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Want to discover Planet X? You'll need these three tools

Courtesy Lowell Observatory

Clyde Tombaugh and the blink comparator

Clyde Tombaugh compared photographic plates taken in Percival Lowell's designated Planet X search area using the blink comparator. One year and two days after observations began, Tombaugh spotted Pluto.  

Lowell Observatory’s intermittent 25-year search for a trans-Neptunian planet incorporated a variety of instruments before finally netting Pluto. Some were highly specialized commercial devices, while others were modified mechanisms designed and built by Lowell staff.

Here are three of the most critical:

Zeiss Blink Comparator

During Percival Lowell’s early search for Planet X, he compared pairs of photographic glass plates of the sky by overlapping the two and then examining them with a magnifying lens. This proved inefficient and inaccurate; in 1911, at the suggestion of staff astronomer Carl Lampland, Lowell solved the problem by purchasing a stereo blink comparator.

Built by the noted Carl Zeiss optical firm of Jena, Germany, this specialized microscope holds the plates side by side. A mechanical shutter allows the observer to alternately see first one image and then the other while looking through a microscope eyepiece.

This instrument was originally designed to hold 6-by-7-inch plates, but Lowell staff found 14-by-17-inch plates to be the best size for the Planet X search. Lampland accordingly modified the apparatus by designing slip frames allowing for a quarter of the large plates to be examined at a time.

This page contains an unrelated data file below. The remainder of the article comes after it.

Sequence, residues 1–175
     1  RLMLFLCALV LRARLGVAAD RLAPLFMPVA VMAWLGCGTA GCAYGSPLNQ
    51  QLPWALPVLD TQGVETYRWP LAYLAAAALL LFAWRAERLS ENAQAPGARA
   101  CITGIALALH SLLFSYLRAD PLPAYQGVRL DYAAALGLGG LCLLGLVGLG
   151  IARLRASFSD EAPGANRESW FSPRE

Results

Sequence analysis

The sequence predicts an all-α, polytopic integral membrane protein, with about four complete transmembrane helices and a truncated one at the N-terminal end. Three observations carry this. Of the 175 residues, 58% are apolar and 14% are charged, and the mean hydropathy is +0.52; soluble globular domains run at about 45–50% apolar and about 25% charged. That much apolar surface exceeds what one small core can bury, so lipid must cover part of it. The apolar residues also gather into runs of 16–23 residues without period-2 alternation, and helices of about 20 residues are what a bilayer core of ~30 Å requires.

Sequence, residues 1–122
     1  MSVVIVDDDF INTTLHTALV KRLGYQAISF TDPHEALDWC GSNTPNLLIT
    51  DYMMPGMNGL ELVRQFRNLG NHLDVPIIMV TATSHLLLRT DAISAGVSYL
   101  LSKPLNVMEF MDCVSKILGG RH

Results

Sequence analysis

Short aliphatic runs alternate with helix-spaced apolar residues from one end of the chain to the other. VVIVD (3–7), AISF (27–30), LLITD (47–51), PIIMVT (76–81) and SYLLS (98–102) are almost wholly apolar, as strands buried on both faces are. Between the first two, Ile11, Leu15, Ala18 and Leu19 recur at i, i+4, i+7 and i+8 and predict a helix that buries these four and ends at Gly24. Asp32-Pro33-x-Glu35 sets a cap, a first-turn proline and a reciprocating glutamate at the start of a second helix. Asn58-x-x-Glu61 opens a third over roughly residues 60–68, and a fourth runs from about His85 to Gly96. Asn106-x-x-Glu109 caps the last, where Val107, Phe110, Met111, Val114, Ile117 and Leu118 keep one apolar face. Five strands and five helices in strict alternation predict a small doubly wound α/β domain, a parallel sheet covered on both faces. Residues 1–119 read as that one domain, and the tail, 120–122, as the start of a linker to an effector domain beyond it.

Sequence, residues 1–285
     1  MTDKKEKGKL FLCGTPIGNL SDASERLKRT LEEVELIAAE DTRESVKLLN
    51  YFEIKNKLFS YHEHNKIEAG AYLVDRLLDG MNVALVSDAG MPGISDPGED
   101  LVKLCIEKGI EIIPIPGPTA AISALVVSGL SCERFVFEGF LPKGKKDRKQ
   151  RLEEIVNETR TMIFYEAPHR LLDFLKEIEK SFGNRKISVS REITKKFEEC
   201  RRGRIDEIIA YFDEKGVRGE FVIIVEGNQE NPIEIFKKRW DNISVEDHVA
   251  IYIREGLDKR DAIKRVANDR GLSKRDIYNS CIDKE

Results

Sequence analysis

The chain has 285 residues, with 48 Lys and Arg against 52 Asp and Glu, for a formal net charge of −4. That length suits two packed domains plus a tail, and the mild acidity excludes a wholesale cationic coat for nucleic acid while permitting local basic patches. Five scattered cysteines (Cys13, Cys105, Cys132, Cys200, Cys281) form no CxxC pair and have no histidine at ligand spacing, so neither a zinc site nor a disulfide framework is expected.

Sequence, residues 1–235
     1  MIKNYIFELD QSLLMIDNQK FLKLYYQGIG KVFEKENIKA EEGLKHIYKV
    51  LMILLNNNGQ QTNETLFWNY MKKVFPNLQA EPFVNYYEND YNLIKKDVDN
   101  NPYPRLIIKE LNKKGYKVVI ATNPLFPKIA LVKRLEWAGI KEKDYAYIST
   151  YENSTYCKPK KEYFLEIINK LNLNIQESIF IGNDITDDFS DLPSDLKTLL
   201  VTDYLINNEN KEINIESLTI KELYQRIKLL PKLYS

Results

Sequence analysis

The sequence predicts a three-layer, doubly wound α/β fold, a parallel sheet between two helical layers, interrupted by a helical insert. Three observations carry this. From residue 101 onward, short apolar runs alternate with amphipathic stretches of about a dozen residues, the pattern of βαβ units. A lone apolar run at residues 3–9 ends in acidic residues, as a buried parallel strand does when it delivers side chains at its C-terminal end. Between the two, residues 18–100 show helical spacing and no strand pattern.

Several weeks ago, Lowell Observatory sent the blink to the Smithsonian National Air and Space Museum, where it will be on display for the next three years

Take a look, could you have discovered Pluto on the blink comparator?

The Millionaire machine

During his search for Planet X, Lowell also employed a number of “computers.” These were people hired to make laborious mathematical calculations, in this case to determine the location of the alleged planet. To supplement these efforts, Lowell bought a Millionaire calculating machine in 1914.

The Millionaire was a motor-driven device developed by Swiss engineer Otto Steiger and modified for production by Hans Egli of Germany. The first one sold in 1893. Over the next 40 years, some 5,000 were produced. It was superior to other calculating machines of the time because of its rapid speed of operation, allowing users to make eight-digit calculations in less than ten seconds.

These machines were ideal for applications requiring frequent multiplication and division, particularly in industries such as insurance, mining, and railways. They were the most effective calculating devices until the arrival of fully automatic rotary calculators in the 1930s.

Lowell’s Millionaire is displayed in the Putnam Collection Center at Lowell Observatory.

Pluto Telescope

Thanks to a $10,000 donation from Percival Lowell’s brother, Abbott Lawrence Lowell, longtime president of Harvard University, Lowell Observatory built a 13-inch astrograph specifically to search for Planet X.

Instrument maker and jack-of-all-trades Stanley Sykes worked with pattern maker Edward Mills to design and build patterns made out of local ponderosa pine. They sent the patterns to foundries in Albuquerque, El Paso, and Los Angeles, where they were cast into iron parts to build the telescope and portions of the dome.

For the dome, Sykes used the same design as the one his brother Godfrey created to build the 24-inch Clark dome. Work on the mount and dome began in early 1928, and the lens, designed by Carl Lundin of Alvan Clark & Sons — the same company that built the 24-inch refractor—arrived on February 11, 1929. Staff members captured the first photographic plates on February 16. One year and two days later, Clyde Tombaugh vindicated the entire effort when he discovered Pluto.


Kevin Schindler is a science writer at Lowell Observatory in Flagstaff, Arizona.
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